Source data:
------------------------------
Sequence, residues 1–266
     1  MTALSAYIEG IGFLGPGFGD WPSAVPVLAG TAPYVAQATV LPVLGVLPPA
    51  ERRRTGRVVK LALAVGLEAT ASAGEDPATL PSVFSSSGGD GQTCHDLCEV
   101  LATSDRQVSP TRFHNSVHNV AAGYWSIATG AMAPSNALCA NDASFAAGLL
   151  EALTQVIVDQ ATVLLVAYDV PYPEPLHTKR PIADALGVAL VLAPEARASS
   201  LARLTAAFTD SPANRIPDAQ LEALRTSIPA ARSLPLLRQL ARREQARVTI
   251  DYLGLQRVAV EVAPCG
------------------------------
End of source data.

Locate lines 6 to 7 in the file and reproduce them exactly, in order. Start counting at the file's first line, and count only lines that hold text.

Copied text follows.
   201  LARLTAAFTD SPANRIPDAQ LEALRTSIPA ARSLPLLRQL ARREQARVTI
   251  DYLGLQRVAV EVAPCG